James Brindley's killer has sentence appeal quashed
A thug who was jailed for murdering fitness instructor James Brindley as he walked home from a night out lost an appeal against his sentence.
Ammar Kahrod, 18, stabbed James Brindley to death only a few hundred metres from the victim's parents' home in Aldridge, Walsall, in June last year.
Mr Brindley was confronted by Kahrod and stabbed through the heart in a matter of seconds – an act he claimed was in self-defence.
But a Birmingham Crown Court jury convicted the teenager of murder in February, detained for life and ordered to serve a minimum of 17-years behind bars before applying for release.
In court on Wednesday Kahrod's lawyers fought for a cut in the term, but senior judges ruled the 17-years was justified for a murder committed by an offender who had taken a knife onto the streets.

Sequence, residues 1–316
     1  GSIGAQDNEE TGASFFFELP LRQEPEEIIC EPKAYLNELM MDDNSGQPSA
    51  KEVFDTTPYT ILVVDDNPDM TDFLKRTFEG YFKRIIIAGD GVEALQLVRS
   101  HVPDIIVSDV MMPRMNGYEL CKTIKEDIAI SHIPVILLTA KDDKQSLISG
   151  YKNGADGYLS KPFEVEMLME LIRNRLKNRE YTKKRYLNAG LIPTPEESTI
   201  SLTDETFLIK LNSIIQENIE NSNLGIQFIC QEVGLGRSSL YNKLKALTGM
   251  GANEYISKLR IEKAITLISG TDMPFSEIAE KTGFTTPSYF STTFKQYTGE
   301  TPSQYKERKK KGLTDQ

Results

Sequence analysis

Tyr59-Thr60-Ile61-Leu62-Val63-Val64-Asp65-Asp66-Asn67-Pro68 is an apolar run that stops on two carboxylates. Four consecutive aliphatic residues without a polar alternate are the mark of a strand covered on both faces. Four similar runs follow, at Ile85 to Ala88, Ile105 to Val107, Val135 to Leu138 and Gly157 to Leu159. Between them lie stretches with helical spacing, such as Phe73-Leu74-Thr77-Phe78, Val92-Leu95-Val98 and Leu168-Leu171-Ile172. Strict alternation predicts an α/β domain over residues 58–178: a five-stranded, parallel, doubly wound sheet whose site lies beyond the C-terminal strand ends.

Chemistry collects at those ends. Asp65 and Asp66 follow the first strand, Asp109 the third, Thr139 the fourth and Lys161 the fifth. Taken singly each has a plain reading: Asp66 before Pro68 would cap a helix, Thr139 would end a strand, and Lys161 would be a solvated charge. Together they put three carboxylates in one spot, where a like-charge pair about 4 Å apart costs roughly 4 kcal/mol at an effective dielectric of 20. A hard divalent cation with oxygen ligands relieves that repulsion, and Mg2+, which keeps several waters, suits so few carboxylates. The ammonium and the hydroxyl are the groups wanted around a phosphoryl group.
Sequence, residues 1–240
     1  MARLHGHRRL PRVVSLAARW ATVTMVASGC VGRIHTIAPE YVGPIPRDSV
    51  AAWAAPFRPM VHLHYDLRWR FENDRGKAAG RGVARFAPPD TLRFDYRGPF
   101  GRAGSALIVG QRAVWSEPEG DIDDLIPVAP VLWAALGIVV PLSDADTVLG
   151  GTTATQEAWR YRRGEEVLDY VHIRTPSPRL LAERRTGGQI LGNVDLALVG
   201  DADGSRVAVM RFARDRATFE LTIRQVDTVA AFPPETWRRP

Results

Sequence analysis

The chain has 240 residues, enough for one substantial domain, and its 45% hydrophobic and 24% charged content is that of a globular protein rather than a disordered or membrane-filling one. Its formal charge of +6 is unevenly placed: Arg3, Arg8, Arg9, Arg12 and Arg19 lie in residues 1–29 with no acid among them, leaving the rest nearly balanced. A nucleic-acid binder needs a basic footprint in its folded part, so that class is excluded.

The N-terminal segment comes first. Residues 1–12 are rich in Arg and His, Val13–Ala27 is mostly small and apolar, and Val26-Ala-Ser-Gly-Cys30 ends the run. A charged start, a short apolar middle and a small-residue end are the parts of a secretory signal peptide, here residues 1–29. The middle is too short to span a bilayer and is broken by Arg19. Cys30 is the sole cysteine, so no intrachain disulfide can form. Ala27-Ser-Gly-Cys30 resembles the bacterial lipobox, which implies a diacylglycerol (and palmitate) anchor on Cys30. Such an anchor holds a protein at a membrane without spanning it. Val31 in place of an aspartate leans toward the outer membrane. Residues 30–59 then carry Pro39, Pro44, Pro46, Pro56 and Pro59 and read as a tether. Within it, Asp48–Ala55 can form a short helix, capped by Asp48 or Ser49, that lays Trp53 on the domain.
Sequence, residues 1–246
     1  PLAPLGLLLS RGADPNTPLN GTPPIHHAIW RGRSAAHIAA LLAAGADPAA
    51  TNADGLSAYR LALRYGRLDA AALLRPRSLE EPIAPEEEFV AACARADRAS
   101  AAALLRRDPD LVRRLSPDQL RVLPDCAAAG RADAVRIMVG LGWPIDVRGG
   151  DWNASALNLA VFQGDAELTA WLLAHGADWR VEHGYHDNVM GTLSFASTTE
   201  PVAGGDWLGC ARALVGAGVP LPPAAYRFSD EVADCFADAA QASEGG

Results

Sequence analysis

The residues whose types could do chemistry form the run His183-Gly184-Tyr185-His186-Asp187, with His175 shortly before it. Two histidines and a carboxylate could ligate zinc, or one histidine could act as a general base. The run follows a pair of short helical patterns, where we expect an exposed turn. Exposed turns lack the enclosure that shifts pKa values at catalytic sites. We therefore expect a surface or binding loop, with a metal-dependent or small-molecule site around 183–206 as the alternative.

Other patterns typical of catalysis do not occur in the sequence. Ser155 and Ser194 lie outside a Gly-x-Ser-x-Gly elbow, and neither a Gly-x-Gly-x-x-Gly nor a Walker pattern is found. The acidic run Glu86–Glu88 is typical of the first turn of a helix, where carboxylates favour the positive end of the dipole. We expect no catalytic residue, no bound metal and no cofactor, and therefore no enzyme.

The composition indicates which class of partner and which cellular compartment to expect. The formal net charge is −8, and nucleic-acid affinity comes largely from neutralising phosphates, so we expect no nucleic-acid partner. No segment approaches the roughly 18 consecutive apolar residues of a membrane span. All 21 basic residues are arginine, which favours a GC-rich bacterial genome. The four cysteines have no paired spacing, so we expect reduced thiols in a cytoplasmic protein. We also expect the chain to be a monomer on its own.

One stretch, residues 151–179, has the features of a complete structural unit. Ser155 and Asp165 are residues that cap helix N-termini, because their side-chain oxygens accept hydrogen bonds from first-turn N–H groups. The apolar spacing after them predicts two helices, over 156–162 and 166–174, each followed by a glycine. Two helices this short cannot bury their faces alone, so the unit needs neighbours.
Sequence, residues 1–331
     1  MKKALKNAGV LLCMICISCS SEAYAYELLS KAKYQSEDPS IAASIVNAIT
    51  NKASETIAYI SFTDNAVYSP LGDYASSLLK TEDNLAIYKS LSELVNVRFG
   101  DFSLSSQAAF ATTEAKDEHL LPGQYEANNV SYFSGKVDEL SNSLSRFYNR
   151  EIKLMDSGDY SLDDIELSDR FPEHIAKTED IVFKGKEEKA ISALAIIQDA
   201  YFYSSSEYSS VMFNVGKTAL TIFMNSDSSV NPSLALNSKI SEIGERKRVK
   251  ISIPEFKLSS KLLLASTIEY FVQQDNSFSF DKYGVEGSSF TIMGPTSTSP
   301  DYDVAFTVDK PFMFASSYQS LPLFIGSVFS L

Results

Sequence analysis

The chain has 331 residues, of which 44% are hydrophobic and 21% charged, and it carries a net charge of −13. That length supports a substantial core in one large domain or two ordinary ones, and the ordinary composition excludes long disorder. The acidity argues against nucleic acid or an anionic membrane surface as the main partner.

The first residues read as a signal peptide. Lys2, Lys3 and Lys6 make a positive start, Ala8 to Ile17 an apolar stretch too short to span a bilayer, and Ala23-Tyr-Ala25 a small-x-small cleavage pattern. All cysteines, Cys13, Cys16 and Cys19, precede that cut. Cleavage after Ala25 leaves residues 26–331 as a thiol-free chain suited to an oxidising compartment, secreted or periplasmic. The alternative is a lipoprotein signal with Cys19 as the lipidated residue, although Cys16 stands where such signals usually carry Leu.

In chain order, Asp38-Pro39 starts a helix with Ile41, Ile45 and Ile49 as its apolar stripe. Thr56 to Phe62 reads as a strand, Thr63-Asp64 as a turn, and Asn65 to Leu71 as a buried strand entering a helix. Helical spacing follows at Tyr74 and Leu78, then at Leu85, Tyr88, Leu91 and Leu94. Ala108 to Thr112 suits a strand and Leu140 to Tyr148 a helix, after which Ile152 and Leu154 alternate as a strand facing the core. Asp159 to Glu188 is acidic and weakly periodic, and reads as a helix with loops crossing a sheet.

The Court of Appeal heard Mr Brindley was walking near The Croft as he made his way home from a night out in Aldridge town centre.
Kahrod killed Brindley in a confrontation that lasted less than 35 seconds – but lawyers for Kahrod, of Walsall Road, Aldridge, argued that the 17-year minimum term was too tough.
Lawyers claimed that he had not intended to kill Mr Brindley and the confrontation itself was not premeditated.
But appeal judge, Sir Andrew Smith, said the term for Kahrod, who was described as being "polite and well-mannered" from the institution where he is currently being held, was deserved for the killing of Mr Brindley.
Sir Andrew Smith said: "While death was not intended, the consequence of stabbing in the chest are all too obvious and his actions were all too likely to have fatal consequences.
"Although the attack was not premeditated, the fact remains that he was on the streets with a knife.
"Of course, when sentencing a young offender, the court will have regard to the welfare of the offender, but this will not blind a judge to the seriousness of the offence.
"The stark aggravating feature of this offence is that he had taken a knife with him to the street, where he used it."
The 17-year term, which Kahrod must serve before he is entitled to apply for parole, was upheld.